ANALYSIS: Is Fuel Scarcity Coming To Stay In Nigeria?Articles/Opinion, Featured, News Features/Analysis, Tajudeen Balogun Saturday, March 19th, 2016
By Tajudeen Balogun, Head, African Examiner, Nigeria Bureau
These days, I am persistently bothered, therefore, keep asking the question: is the fuel scarcity, just like it is experienced in power supply, gradually becoming part of our life in Nigeria? It is not debatable the scarcity has been frequent with us, as far back as 1997/98 during the black era of late General General Sanni Abach’s Military junta. In fact, one might argue that long queue in our gas stations; due to shortage of fuel supply has been with us earlier – than Abacha’s Military regime. Despite this fact, inadequate fuel supply few years back, in the country, has assumed more worrisome dimension.
For instance, the scarcity almost became a ‘must expectation’ (somewhat) throughout the immediate past administration. I doubt if Nigerians ever experienced a complete quarter or little above, during the last democratic dispensation, without being faced with harrowing experience of fuel crisis, which unfortunately, involved frantic search for the product; long queue at the gas stations; panic buying and most grievous, loss of lives owing to fire outbreak, ignited by stockpiling of fuel inside the vehicles and at homes.
Many Nigerians will still recall how the country was brought to her kneel at the twilight of former President Goodluck Jonathan, due to scarcity of fuel, and to worsen the matter, power outage. Then, the electricity generation was left barely over 1000 megawatts. It is exactly horrible experience Nigerians were exposed to then, they have again been returned, some weeks back.
My worry about the present fuel scarcity is its coincidence with the awkward power supply. Given the terrible development, it is an open fact that Nigerians now live, work and sleep under pressure! And to worsen the situation, the productivity level in every sector of the economy has been systematically reduced!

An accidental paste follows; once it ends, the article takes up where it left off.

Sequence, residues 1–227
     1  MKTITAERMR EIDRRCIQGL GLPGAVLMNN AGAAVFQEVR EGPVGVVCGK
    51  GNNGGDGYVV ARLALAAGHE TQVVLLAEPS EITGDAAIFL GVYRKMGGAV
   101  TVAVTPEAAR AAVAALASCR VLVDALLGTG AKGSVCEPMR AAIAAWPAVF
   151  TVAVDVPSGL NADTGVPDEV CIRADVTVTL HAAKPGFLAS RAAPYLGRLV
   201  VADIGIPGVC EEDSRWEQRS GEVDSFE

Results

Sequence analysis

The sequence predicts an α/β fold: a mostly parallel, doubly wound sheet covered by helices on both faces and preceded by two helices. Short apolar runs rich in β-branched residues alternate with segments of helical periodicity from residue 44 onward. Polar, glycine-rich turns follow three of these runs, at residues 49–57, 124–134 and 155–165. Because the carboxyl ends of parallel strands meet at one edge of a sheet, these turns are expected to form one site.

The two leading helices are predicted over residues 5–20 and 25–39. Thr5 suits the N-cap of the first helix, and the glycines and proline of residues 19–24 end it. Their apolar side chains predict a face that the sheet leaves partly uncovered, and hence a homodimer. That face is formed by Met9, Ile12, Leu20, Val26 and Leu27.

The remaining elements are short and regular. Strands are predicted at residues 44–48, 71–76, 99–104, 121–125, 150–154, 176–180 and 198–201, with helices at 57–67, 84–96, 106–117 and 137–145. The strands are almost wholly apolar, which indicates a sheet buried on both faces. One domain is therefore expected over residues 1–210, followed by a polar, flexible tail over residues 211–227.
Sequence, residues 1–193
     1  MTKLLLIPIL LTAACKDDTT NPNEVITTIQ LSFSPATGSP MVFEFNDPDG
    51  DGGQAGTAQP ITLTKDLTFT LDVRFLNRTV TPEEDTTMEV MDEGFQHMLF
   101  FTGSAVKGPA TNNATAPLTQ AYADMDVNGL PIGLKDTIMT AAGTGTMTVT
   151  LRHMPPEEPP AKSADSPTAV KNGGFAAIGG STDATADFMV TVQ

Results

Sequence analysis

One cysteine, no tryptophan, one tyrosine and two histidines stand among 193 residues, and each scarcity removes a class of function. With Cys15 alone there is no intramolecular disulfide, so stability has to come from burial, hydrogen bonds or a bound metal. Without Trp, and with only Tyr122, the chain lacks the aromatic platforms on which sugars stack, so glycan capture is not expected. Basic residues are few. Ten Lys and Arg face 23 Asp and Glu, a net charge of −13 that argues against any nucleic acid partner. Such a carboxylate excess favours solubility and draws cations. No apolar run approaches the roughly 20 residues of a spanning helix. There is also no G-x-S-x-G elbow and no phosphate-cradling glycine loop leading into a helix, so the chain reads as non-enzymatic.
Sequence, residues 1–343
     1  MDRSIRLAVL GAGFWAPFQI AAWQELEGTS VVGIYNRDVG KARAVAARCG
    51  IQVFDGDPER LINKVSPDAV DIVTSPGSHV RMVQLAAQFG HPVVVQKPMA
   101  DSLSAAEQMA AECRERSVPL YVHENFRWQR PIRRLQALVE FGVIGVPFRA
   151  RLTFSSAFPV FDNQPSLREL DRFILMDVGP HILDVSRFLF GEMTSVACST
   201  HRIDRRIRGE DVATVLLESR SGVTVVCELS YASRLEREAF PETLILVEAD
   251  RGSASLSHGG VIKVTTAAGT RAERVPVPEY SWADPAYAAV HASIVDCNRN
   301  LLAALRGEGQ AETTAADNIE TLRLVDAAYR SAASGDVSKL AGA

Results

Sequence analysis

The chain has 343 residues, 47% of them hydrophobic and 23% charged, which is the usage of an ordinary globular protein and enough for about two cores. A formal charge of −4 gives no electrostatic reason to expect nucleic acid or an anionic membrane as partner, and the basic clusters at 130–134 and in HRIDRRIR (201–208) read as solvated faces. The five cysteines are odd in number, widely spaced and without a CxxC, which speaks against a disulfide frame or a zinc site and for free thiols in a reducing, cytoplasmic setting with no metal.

Also very disturbing, is the poor state of health of many Nigerians. ‘A healthy body is an able body’; what about that if I may ask? Almost four weeks the current fuel scarcity, worsened with the constant power outage started, Nigerians in their households have not found the experience rossy at all. No thanks to the daily very hot and biting weather.
The state of affairs with our power and petrol supply to say the obvious is so sad, disturbing, calls for questions, urgent and lasting solutions. I mention the way out, but this can only be achieved when there is will and determination on the part of the authorities in charge. So, is President Muhammadu Buhari’s administration has what it takes to end poor power supply and regular acute shortage of fuel in Nigeria? Sincerely, I have no reservation on whether this government is working and will eventually deliver on its party’s campaign promises.
Still, the questions that have kept me wondering are: why must Nigerians live perpetually in blackout and with irregular means of energy to transport themselves from one place to another? Why are we not having coordinated, clear and sufficient information on the fuel crisis situation? Has the government been overwhelmed with the sharp practices in the oil and gas sectors? More significantly, is the fuel scarcity gradually coming to stay in Nigeria?
On information dissemination, personally, I feel the Ministry of Petroleum Resources is not doing enough as expected. Whatever the level of supply we have in reserve presently, (whether enough or not), the fact remains that the product is not readily available. What happens now is ‘skeletal’. I say this because two out of every 10 or more gas stations, including the NNPC and major marketers (outlets) sell fuel to the frustrated and anxious customers.
For now, you are lucky if you drive into a gas station, buy and go. I must add here that this only happens if the station just gets its supply and minutes the information spread, the same fuel outlet is besieged by the motorists and other customers, especially those who buy into the containers, to use at homes, offices, workshops or shops.